A secure password policy requires the use of random, complex and long passwords that are unique to each website/account you own. With the proliferation of online accounts, it is impossible to maintain such complexity without the use of password management tools like 1Password.
This article assumes you have been provided with a 1Password Business license by your organization (ie. not a 1Password personal account you purchased with your own credit card). It further assumes the 1Password application has been installed on your computer, that you have logged into that application, and that you have the 1Password Browser Extensions and 1Password Helper Tool (menu icon) installed.
What is 1Password
Think of 1Password as a master key that unlocks access to all your passwords and other sensitive data. 1Password can also store Multi-Factor Authentication codes (aka: 2FA, 2SV, or MFA codes) within each password record and, more compelling, it can auto-populate that MFA code when you login to a site. And 1Password can store much more than website credentials, like various forms of ID, notes, attachments, credit cards and bank data. Access to the system requires a user id and password, a secret key, and a 2FA code, which greatly enhances the security and privacy of your information. The data is encrypted in such a way that only you can unlock the vault. If you lose your secret key and/or your password, only your organization's administrator can reset the secret key (1Password's developer has no access to your data).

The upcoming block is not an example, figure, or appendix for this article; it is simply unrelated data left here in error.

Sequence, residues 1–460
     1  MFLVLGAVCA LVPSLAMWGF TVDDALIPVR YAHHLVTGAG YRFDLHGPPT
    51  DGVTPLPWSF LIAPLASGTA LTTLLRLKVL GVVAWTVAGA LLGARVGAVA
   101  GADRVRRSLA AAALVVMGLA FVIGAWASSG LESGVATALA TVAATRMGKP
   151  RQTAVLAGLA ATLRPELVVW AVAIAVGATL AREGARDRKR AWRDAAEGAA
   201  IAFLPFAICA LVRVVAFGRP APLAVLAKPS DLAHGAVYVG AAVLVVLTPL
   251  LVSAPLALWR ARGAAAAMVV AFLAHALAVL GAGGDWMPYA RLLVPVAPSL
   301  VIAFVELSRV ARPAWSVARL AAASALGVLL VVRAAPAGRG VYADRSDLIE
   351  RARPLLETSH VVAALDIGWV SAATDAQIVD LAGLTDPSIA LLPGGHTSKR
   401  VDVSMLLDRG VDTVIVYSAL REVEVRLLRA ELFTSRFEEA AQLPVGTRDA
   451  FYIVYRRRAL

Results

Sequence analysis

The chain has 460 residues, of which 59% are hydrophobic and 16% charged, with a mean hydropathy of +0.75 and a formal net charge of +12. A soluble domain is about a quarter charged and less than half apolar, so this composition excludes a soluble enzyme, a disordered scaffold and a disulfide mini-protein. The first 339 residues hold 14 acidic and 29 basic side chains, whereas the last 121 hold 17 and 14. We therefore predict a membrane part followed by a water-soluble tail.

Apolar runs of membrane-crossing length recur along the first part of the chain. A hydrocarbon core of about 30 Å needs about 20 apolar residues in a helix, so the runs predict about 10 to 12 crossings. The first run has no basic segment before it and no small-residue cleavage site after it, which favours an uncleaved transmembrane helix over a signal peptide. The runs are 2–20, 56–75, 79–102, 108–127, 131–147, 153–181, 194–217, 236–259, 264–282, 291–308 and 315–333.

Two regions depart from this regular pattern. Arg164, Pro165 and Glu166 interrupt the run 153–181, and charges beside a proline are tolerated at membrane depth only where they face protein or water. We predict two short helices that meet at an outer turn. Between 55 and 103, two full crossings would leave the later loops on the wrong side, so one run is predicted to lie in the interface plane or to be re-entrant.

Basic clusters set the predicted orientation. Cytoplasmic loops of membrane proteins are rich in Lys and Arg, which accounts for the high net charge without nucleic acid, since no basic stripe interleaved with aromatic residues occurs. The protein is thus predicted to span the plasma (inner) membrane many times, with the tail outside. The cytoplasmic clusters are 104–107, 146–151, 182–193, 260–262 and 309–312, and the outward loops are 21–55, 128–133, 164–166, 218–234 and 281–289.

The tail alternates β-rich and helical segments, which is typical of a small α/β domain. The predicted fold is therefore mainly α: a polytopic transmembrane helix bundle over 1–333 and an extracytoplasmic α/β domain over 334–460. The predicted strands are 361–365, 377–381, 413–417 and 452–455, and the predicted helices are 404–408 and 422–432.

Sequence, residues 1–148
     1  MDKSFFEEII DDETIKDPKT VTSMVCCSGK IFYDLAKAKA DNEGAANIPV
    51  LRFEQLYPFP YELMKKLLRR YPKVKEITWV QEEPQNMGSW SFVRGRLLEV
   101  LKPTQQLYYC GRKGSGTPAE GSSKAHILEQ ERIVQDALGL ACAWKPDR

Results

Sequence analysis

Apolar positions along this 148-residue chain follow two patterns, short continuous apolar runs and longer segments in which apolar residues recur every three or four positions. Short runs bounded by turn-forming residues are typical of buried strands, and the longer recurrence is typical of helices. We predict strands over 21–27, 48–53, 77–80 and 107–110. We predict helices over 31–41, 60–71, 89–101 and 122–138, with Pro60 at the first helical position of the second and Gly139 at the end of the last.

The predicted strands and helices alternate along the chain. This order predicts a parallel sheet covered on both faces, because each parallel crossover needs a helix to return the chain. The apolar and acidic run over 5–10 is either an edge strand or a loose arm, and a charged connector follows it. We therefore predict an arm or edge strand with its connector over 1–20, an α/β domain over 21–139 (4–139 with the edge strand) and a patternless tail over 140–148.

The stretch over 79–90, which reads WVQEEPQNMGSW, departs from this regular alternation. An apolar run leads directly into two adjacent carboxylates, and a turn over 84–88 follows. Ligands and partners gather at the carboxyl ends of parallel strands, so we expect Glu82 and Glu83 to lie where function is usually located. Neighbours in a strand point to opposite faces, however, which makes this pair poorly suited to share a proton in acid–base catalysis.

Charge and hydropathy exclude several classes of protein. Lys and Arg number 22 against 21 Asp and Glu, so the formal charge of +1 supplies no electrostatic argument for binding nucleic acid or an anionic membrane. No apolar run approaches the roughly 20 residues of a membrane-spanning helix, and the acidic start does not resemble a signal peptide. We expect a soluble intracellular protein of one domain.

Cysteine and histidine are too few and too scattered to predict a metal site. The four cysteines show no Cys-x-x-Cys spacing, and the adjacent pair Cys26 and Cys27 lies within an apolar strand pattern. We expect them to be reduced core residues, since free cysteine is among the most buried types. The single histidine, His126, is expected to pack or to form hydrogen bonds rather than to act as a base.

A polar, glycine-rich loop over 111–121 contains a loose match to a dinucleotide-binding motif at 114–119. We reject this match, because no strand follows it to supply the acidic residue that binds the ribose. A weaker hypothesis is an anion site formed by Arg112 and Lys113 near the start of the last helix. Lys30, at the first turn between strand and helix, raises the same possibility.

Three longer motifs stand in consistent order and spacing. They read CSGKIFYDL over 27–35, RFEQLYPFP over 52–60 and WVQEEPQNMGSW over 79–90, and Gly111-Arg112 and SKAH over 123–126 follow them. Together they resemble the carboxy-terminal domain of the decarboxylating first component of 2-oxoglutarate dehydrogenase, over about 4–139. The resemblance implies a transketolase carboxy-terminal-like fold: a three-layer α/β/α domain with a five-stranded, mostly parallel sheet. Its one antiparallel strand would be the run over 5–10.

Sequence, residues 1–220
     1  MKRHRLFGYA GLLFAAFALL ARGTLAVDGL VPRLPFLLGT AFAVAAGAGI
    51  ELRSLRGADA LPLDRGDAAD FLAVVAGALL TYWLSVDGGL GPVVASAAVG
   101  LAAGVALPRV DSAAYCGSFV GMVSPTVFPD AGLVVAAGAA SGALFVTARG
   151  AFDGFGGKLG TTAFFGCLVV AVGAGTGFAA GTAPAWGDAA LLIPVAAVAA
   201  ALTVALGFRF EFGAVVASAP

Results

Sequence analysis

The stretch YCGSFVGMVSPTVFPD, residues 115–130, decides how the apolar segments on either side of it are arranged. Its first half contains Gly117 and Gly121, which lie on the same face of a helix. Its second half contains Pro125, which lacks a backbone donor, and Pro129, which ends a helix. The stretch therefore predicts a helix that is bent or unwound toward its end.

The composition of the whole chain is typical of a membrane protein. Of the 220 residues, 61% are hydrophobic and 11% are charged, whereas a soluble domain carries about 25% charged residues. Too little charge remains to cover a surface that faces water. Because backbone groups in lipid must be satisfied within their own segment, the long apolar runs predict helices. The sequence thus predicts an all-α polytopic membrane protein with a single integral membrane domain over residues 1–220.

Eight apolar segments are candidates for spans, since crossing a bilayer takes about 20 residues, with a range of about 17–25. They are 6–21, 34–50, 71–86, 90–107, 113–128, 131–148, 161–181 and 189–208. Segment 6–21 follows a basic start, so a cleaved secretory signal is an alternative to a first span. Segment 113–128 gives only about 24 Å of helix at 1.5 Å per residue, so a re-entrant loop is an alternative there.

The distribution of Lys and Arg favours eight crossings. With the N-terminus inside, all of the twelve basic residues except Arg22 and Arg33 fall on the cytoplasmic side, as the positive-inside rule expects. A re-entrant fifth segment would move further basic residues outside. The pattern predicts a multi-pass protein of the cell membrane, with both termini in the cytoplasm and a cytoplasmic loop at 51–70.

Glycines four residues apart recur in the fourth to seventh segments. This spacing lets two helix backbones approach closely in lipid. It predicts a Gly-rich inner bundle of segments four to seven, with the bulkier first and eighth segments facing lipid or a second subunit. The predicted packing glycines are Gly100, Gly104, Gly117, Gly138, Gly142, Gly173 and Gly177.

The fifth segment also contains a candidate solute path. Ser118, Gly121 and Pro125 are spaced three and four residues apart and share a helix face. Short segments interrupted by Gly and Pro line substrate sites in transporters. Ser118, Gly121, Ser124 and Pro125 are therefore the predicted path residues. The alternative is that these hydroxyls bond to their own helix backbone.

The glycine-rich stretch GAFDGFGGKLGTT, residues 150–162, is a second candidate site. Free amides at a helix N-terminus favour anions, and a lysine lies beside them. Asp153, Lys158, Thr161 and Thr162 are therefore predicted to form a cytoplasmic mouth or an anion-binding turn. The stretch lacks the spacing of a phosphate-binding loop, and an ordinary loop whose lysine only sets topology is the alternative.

1Password App + Browser Extensions
The 1Password app contains vaults that store all your passwords. Your 1Password account will have two vaults by default: A "personal" vault that only you have access to, and a "shared" vault that contains password entries shared across the entire organization. You organization may also have assigned you additional department- or project-specific vaults.
You can use 1Password to create and store more than website login credentials. The video below provides a comprehensive overview of the tool.
The app shines in conjunction with the browser extension, which allow your browser (Chrome, Firefox, Safari) to pull data from your 1Password vault and populate the login pages of the different sites you visit. The short video below illustrates this process.
Create and edit items in 1Password: Mac | PC
Make your passwords stronger: Mac | PC
10 things you can store in 1Password
How to import password info from Chrome to 1Password
Smart Sourced IT recommends 1Password to all our clients, and we use it in our own business. Whereas the written content in this article is our own, all videos in this article are courtesy of AgileBits, the developer of 1Password.
Article is closed for comments.